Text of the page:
If You Don’t Know, Now You Know: Scary Kids Scaring Kids


With the unfortunate news last week of Tyson Stevens’ passing, we’ve decided to dedicate this week’s If You Don’t Know, Now You Know to his former band, Scary Kids Scaring Kids. Writing this week’s piece is Noise blog contributor Jimmy Smith who grew up in the same hometown as Tyson and his bandmates. We felt this was the best way to pay tribute to Stevens and his family.     

Scary Kids Scaring Kids:

Being from Arizona, Gilbert specifically, there really wasn’t much to hang your hat on growing up. Our sports teams were a joke, and musically, before Jimmy Eat World became a household name in 2007, the biggest “rock” acts to come out of AZ were The Gin Blossoms and Alice Cooper. Now no disrespect, but “Hey Jealousy" and “No More Mr. Nice Guy” really aren’t my kind of jams.

Moving on, I remember the day like it was yesterday. I was at Zia Records after a trip to the mall with my 6th grade buddy Brian via his mother’s Astro Van (she drove us, of course). Although I couldn’t find what I was looking for, I left Zia picking up a local artist compilation. Stoked to see bands I recognized like Authority Zero and Greeley Estates, I was also intrigued as I noticed one band name that was so bizarre, I knew I had to check them out. Featured on the compilation with their keyboard-heavy and dynamic post-hardcore track, “What’s Up Now" (which may have been my first introduction to head-jarring breakdowns), I instantly fell for a band by the name of Scary Kids Scaring Kids.

Over the next couple of years, as I wandered aimlessly through my Junior High days, my relationship with SKSK grew. Being introduced to tracks off their debut album, The City Sleeps in Flames, like the catchy and up-tempo, “My Darkest Hour,” and the guitar-driven, “The Only Medicine,” this local-grown synth-laden screamo act had quickly risen in the ranks of my favorite bands. As time progressed and their self-titled release came out in 2007, SKSK started to make quite the name for themselves.

Appearing on the Van’s Warped Tour as something other than just a local stage participant, showcasing newer and more mature — yet still badass — tracks like “Faces” and “Snake Devil”, and even making it on to Fuse’s own Steven’s Untitled Rock Show, DJ, Steve, Chad, Pouyan and Tyson were finally creating something us AZ kids could get behind.

Flash forward to 2009, after a bevy of successful tours and even a major label signing to RCA Records, the band’s fame started to dwindle and unfortunately the local heroes had called it a day. Started by juniors in high school, this matured act had finally reached its breaking point.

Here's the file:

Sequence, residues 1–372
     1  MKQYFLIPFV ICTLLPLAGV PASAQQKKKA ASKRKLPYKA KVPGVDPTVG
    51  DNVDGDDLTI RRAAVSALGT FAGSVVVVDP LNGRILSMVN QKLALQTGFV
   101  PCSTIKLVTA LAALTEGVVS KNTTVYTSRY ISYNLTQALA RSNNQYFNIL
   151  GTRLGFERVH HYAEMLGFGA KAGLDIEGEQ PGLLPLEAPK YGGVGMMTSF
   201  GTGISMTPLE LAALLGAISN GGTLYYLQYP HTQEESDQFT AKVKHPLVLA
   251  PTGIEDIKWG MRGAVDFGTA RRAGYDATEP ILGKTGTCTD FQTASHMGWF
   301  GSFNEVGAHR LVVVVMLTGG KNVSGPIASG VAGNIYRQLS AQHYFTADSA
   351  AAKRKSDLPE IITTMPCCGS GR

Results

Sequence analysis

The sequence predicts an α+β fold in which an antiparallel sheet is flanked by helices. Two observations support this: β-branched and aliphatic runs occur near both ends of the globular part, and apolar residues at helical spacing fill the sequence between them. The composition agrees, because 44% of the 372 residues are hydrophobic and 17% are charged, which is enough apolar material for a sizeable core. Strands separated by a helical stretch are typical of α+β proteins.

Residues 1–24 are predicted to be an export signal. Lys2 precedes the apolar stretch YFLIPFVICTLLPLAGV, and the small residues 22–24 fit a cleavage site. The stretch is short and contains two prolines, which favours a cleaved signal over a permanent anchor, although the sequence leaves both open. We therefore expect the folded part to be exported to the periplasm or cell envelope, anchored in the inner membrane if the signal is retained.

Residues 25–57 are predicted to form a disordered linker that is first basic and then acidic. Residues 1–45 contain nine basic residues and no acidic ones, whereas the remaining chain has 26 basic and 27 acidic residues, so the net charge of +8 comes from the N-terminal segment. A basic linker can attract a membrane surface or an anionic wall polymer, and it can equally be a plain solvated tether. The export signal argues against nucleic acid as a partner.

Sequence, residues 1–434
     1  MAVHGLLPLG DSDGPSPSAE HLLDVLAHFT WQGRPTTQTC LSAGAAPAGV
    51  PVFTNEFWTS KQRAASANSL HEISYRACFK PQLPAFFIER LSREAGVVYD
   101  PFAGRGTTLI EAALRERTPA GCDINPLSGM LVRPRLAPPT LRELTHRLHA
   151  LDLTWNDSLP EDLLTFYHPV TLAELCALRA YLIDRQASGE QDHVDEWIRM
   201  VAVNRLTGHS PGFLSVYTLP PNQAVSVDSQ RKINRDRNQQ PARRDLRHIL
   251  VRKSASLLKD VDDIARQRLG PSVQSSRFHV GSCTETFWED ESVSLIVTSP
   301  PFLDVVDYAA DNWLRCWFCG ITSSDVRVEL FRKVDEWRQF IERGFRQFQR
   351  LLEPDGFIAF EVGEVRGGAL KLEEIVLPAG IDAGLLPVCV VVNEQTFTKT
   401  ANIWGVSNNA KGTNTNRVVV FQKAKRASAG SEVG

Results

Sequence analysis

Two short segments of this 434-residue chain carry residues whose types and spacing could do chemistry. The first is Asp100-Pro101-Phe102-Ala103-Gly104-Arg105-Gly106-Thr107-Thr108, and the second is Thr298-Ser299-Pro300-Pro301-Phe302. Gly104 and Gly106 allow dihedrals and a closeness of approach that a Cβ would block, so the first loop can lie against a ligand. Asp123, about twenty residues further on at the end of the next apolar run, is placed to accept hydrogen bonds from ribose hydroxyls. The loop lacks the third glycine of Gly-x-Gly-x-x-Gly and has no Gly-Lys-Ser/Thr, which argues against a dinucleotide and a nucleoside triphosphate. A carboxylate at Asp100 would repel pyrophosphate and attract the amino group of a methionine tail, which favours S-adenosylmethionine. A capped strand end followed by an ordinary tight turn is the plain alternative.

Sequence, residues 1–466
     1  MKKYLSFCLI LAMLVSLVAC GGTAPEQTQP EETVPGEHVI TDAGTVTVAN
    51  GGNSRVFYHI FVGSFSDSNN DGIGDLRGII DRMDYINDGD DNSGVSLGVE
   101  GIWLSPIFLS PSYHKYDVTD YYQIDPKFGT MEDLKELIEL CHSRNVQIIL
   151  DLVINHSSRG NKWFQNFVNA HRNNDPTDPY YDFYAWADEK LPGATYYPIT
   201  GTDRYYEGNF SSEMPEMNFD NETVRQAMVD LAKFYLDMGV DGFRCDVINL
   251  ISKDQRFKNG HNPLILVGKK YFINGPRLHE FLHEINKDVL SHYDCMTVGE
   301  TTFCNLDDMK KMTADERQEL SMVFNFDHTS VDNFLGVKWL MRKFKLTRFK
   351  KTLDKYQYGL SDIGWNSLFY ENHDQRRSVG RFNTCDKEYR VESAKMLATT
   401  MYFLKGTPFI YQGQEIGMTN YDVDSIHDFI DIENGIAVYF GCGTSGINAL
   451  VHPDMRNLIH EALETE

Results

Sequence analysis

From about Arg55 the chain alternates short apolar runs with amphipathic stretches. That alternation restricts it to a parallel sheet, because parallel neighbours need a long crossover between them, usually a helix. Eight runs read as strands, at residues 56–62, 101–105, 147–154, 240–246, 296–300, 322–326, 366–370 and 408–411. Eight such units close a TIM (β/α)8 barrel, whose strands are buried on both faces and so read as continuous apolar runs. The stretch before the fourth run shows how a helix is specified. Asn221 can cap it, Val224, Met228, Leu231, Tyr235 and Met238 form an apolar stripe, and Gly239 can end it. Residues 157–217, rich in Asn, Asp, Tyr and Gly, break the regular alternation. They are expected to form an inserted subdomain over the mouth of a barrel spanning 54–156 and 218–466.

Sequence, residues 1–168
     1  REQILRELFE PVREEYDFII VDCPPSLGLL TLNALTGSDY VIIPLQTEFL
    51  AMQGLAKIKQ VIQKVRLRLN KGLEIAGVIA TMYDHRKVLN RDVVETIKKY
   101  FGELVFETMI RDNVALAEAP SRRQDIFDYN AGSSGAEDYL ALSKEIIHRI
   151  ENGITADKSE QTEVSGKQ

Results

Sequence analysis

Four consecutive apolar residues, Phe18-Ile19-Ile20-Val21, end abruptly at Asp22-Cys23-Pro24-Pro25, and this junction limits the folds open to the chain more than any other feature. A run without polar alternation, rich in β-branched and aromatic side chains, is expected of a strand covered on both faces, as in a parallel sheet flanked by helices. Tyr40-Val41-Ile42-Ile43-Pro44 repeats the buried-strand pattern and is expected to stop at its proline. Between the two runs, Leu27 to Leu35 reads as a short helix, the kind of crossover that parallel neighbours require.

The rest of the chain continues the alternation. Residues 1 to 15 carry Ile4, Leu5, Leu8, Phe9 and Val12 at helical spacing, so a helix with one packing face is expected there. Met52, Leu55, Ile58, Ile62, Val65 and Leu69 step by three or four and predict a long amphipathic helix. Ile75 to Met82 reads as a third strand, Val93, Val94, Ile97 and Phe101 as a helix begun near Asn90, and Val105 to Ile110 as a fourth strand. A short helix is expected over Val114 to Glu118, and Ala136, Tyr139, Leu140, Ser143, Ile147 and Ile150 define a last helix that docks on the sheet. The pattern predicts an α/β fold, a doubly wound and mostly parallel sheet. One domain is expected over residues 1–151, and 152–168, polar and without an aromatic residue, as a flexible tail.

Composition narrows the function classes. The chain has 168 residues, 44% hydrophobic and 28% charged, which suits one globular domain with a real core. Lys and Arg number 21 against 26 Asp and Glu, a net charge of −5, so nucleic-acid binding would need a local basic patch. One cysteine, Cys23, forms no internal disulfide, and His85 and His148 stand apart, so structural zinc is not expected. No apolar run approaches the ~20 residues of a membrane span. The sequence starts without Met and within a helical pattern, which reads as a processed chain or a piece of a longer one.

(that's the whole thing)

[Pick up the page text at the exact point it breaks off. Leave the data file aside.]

So, for the last night of their farewell tour in Tempe, AZ’s own Clubhouse venue, I, now driving, headed out to see Dance Gavin Dance, the unknown artist at the time: Mod Sun (who was actually drumming for SKSK), and of course the men of the night: Scary Kids Scaring Kids. After watching them perform their post-hardcore/screamo hits one last time, I was filled with all different types of emotions: anger, bitterness, confusion, enjoyment…you name it, it was there.

As the years progressed after the break up and the buzz and anticipation of a possible reunion died down, things with SKSK went pretty stale. Members moved on to new jobs as Tyson attempted to revive his music career with a new band called Coma Prevail. However, nothing truly blossomed to the extent of SKSK’s glory days.

Then, as you all know by now, the news hit Alternative Press that at the age of 29, frontman Tyson Stevens had passed away due to an alleged drug overdose. With that news, like most of you probably reading this, I was left with an array of emotions much stronger than those felt the night SKSK played their last song as a band.  

Besides being an outstanding vocalist and skilled songwriter – which was put on display throughout SKSK’s entire discography — there is much more to Tyson’s story than just his music. What he and his bandmates embodied for us small town kids back in Gilbert was almost indescribable. Like mentioned previously, Tyson and I both grew up in the small Arizona suburb of Gilbert and, based on the twenty-two years of living there, I can tell you there aren’t very many kids who make their way successfully out of Gilbert. The typical rule around town is that most people born in Gilbert, usually stay in Gilbert. Now, that isn’t necessarily a bad thing, it’s just the truth. Nonetheless, Tyson was able to make it out. He and his bandmates gave us Gilbert kids hope that, yeah, anything really is possible. They gave us hope that maybe we too could start a kickass rock band and travel the world just like they did.

But unfortunately, with his ill-fated and all-too-soon death, a piece of that hope he worked so hard to encourage quickly passed away alongside him. Call it selfish, call it self-centered, call it whatever you want, but Tyson gave us locals hope that, one day, we too could make it in the music industry. Maybe we’re at fault for putting so much faith into local “celebrities,” but dammit, when there’s no one else to fill that void, why not look up to those people?

So, with my City Sleeps in Flames cd playing on a constant loop in the background, I’m left finishing this piece with a blurred sense of hope that I cannot seem to shake. So, where do I, hell, where do we go from here? Should we just abandon our dreams because our idol passed on way too soon?

No. No, because my friends, it seems that is has come full circle. That same song that had turned me onto the band in the first place will be the same song that keeps me going. “I’m not giving up just yet, I won’t give up ‘till I lose. Your ideas aren’t fair by any means, but I’ll still try to follow through.” Those are the words of our fallen hero, to which I reply: “Swallow your pride and choke back your tears,” because this is what’s up now.